Casual feedback is given on the basis of observed behavior during routine clinical examinations or practical’s every day. Formal feedback is given at the end of presentation. A major, corrective & more comprehensive feedback is given at the time of formative assessment. Immediate & personalized feedback given at the time of formative assessment is usually very well received and learner can improve before the final assessment (6, 7). Learners are always very eager to know their performance related mistakes and they are very receptive at that time to receive feedback (5). So, timely given positive feedback is helpful in future learning and cognition. Delayed feedback is associated with poor retention (8).


The study was conducted after the approval from Institutional Ethics Committee at Department of Physiology, Pramukhswami Medical College, Karamsad. Detailed information of current project and their outcomes were explained to the participants. Participants for the study were recruited from 1st MBBS (2014-15 academic year batch) after their voluntary consent. The present study was conducted with objective to check effect of immediate feedback during formative assessment for future improvement and learning. Participants from B batch (n=32) were selected as study group whom feedback was given and participants from A batch (n=33) were selected as control group whom feedback was not given. During formative assessment, Physiology Clinical Practical test is conducted by objective structured practical test (OSPE) method. At the end of practical test, personalized verbal feedback was given to study group for 2 minutes. Structured feedback was given to study group for their observed mistakes of practical by trained faculty at the end of OSPE. Feedback was not given to control group and they sat quietly for 2 minutes at the end of OSPE.

Effect of personalized verbal feedback was checked during next formative assessment test which was conducted after the one month of previous test by same assessors and for the same topic. Marks of participants of study group (students of B batch) who received feedback was compared with participants of control group (students of A batch) whom feedback not given. Perception of participants of study group was documented by feedback questionnaire as per Likert scale.

Statistical analysis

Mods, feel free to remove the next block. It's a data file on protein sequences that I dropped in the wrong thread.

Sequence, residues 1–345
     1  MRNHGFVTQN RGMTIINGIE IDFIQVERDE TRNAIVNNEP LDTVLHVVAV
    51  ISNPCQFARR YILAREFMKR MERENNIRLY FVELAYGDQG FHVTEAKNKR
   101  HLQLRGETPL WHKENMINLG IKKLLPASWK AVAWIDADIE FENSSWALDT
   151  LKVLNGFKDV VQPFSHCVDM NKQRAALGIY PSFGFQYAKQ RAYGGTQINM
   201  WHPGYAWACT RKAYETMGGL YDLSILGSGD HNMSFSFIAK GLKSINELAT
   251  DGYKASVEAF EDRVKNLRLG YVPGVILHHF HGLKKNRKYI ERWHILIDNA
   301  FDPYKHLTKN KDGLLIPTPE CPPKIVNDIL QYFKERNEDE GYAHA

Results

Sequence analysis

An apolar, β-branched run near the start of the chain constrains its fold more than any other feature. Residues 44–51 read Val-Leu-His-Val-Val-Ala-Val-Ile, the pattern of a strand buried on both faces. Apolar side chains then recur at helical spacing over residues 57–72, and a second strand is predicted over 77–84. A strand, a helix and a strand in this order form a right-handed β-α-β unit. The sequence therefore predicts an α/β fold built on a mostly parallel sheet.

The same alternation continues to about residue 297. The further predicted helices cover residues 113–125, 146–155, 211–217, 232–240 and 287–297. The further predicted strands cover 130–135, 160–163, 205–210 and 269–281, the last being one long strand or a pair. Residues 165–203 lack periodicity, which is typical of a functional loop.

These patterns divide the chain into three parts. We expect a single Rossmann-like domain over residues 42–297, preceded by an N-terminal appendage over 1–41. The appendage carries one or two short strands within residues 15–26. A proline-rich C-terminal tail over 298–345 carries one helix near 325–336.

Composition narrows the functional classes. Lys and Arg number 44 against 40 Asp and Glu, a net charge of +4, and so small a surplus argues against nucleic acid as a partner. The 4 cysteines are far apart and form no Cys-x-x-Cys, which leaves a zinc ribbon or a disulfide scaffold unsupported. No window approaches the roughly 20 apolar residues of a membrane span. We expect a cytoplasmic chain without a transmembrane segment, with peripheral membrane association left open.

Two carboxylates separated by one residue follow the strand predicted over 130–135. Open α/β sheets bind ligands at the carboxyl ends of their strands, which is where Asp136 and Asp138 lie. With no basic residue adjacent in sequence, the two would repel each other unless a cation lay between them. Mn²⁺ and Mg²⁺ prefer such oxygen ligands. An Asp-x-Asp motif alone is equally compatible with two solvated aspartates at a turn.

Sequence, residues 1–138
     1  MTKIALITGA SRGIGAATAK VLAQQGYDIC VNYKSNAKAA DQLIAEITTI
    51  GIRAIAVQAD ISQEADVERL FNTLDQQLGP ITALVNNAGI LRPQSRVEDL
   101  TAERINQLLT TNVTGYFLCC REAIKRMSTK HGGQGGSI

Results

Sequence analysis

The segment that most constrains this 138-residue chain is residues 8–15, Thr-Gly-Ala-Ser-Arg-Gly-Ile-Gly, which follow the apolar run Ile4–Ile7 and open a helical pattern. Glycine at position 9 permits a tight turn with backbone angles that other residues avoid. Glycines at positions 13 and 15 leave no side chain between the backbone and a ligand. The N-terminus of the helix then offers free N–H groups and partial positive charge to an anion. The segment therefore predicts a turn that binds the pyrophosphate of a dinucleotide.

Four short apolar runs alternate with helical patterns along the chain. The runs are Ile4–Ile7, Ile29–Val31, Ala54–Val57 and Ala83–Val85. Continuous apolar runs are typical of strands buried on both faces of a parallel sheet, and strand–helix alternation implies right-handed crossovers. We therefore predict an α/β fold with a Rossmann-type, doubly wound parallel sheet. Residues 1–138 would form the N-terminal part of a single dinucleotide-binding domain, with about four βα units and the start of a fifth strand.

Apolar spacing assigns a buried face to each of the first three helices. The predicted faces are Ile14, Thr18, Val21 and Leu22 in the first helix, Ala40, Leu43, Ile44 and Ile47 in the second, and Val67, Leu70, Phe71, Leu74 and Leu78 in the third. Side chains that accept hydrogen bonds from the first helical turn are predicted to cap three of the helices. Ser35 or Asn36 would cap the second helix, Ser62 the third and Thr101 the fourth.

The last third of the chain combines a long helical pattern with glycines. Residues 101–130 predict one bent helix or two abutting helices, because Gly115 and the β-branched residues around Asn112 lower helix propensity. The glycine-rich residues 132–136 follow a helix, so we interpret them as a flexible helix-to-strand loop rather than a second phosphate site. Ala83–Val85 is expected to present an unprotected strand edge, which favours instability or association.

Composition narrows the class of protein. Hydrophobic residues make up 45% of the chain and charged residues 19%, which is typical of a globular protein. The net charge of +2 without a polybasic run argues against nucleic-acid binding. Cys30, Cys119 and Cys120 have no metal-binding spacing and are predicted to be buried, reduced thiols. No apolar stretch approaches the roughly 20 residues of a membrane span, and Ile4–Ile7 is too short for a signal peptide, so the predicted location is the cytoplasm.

Results of study group and control group for their marks of pre-test and post-test were compared by t-test.


A significant statistical difference in marks of pre-test and post-test were seen in study groups. The marks of clinical examination for study group, before feedback was 12.12±2.19 and after the feedback was 17.59±1.72. Difference between the marks of two exams in study group was 5.4 and it was around 27.35%. The marks of control group at the time of initial exam was 14.09±3.18 and during next exam was 16.39±1.86. Difference between the marks of two exams in control group was 2.3 and it was around 11.5%. The results of feedback questionnaire showed that 100% of the students agreed that personalized feedback was more effective than group feedback and feedback helped them to identify their shortcomings. 90% of the students felt that the immediate verbal feedback programme was interesting, promoted active learning and improved practical skills and it was meaningful, appropriate and effective learning tool. Students also felt that immediate feedback was more effective at the time of examination than after assessment results. 85% of the students were of the opinion that structured feedback was more effective; solution oriented and helped to improve clinical skills.


Our study was focused on effect of timely given personalized feedback on students score and their perception during formative Physiology practical test. As per Table I, performance of students of study group improved very well as compared to control group. The present study showed that timely given personalized feedback to first year medical undergraduates was effective and helped them to improve their future performance. Our results indicate that immediate feedback given at the time of performance of clinical skill helped a lot to improve their clinical skills and clinical skills related short comings and also enhanced their future learning. Students felt that face to face personalized feedback was better than knowledge transfer in whole classroom. Our results showed that problem solving structured feedback helped students to improve their clinical skills.